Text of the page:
things tenants hate hearing

It’s no secret that renters often see the landlord or manager as “the bad guy.” From delivering news about rent increases to explaining why your tenants won’t be getting their security deposit back, it can feel like delivering bad news is half of the job. Protect your landlord-tenant relationship by finding ways to deliver the news renters hate hearing in the best light possible.

Your application was not selected and you didn’t get the rental

Knowing how to deny a rental applicant is key. Not only should landlords and property managers be considerate and empathetic when denying, but there are important legal matters to be aware of when informing an applicant that they were not selected for a property. Be sure that you have fully researched the requirements in your state before denying an applicant, and remember that a currently unqualified applicant could be a potential customer or give a referral in the future (this is especially true for young renters without a credit history) so be aware of your demeanor and tone when issuing a denial.

We need to raise your rent. 

The need to raise rent is a reality that cannot be ignored for an investment to flourish. Taxes, inflation and maintenance costs all add up, and the savvy investor must pass those additional costs onto tenants. However, there are ways to mitigate shock and distress for tenants facing an increase in their monthly rent. First ensure that you are informing your tenants why the raise is occurring, providing a reason ensures that the tenant feels more valued. Instead of raising in one large jump, seek to raise the rent by a small percentage each year. The benefits are twofold, not only does this result in a larger long-term ROI for the owner, but tenants who know they will likely face a small increase each year can more easily prepare for the coming lease term–meaning they’re much more likely to stay long-term.

Due to maintenance, the pool (or another amenity) will be closed.

Do not underestimate your tenants’ love for the amenities you offer, and be prepared for some pushback when you announce that a certain amenity will be closed for maintenance. To mitigate tenant distress, plan ahead. Informing your tenants with enough lead time can allow your tenants time to prepare and lessen the severity of the bad news. To truly accommodate your tenants’ needs, work with a local business that will offer a discount for your residents (a local gym close-by that residents can attend while yours is remodeled, etc.) and attempt to schedule maintenance in your seasonal downtime, if possible.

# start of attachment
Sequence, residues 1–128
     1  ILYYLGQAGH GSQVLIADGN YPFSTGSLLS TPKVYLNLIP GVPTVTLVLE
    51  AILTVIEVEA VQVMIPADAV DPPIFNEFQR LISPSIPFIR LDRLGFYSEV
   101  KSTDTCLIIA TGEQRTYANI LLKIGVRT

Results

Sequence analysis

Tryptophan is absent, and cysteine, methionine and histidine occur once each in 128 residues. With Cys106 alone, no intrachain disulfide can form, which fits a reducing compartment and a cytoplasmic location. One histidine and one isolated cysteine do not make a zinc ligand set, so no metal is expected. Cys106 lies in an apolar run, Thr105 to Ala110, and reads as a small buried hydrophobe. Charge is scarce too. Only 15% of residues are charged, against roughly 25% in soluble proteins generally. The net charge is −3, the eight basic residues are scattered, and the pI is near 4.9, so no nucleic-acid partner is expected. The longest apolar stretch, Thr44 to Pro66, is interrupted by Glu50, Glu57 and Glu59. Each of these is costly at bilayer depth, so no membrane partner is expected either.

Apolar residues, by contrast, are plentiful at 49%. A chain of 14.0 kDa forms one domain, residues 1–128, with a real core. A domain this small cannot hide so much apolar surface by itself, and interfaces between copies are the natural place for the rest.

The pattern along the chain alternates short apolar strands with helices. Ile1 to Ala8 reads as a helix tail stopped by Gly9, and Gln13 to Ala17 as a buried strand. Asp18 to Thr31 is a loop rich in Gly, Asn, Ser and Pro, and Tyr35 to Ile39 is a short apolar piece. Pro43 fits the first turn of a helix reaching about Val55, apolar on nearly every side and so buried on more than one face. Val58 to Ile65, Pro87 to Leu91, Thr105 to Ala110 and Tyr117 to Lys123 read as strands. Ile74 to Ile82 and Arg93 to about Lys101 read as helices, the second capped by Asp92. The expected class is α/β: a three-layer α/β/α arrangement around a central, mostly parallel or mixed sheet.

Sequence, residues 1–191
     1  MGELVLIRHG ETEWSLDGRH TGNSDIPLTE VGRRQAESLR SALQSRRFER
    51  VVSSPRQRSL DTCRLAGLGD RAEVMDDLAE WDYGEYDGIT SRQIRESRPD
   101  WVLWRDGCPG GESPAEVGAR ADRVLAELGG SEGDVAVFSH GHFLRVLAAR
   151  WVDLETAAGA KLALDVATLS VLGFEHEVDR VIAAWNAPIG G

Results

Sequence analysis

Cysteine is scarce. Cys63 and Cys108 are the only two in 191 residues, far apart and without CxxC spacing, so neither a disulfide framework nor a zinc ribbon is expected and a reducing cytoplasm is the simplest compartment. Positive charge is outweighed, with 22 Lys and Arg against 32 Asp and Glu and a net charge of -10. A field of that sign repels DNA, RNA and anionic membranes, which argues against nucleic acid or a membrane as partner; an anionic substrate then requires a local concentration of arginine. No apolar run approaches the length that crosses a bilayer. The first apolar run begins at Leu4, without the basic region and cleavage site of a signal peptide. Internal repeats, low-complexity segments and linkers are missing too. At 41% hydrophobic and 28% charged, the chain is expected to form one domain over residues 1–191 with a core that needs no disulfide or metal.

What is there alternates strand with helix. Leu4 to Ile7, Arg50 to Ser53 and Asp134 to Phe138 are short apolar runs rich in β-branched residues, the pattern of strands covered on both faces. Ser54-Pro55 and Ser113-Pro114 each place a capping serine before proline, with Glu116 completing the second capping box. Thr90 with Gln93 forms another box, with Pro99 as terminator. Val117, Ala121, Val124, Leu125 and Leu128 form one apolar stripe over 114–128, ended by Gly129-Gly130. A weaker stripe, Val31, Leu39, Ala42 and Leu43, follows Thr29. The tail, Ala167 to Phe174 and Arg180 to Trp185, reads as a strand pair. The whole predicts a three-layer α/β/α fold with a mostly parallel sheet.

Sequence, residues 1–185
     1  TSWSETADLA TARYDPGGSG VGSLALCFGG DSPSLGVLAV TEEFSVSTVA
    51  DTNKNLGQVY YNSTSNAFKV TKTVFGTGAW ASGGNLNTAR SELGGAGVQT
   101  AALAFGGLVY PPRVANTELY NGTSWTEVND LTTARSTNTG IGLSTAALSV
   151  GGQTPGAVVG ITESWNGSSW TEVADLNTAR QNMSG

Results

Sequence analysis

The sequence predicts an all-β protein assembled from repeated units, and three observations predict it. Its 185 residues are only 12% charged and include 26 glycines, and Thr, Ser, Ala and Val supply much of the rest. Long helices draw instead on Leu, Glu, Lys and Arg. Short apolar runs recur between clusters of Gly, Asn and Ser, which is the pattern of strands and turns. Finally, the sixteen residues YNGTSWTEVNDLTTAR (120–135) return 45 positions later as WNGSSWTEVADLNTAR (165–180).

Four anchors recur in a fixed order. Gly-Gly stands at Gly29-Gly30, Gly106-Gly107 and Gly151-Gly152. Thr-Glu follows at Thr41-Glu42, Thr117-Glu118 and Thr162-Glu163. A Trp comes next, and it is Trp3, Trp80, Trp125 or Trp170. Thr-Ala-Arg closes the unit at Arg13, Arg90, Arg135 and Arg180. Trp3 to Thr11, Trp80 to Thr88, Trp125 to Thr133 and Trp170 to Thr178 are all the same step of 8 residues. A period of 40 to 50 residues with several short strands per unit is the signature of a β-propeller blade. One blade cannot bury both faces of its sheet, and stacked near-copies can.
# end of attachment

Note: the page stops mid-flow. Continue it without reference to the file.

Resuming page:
Your landlord is not responsible for mediating disagreements between neighbors.

It’s an unpleasant reality that tenants sometimes will not get along with their next-door-neighbors, and when an argument occurs, your office will often get a phone call from a disgruntled renter. While you may have the policy to avoid mediating these situations, remember that a happy tenant can help avoid a cash-guzzling vacancy. Be willing to find solutions to bad neighbor problems. there is advice that you can impart to your tenants to assist them. Be empathetic to your tenants’ concerns, while gently reminding them that navigating neighborly relationships falls to them. Remind your tenants that if they feel that criminal activity is occurring, or they feel that they are in imminent danger, to call the police and report the issue.


You will only be getting a partial return of your security deposit.

Tenants often do not understand why they are only getting a partial refund of their security deposit, and they often have no problem voicing their concerns on this matter. Avoid a confrontation by making all of your expectations clear up-front. Go over the lease with the tenant word for word to ensure they actually read the lease stipulations and know what is expected of them. Set your tenants up to succeed. This not only shows that you are a great landlord or property manager to be working with but protects the properties you manage. Even an excellent applicant can have gaps in their maintenance knowledge–explain required maintenance tasks and why they are important. Remind tenants that not all damage comes from property abuse, but can be the result of neglecting to properly care for the property.

Informing renters of things they hate hearing, unfortunately, is part of the territory when managing a property. However, one instance of bad news doesn’t have to damage your landlord-tenant relationship.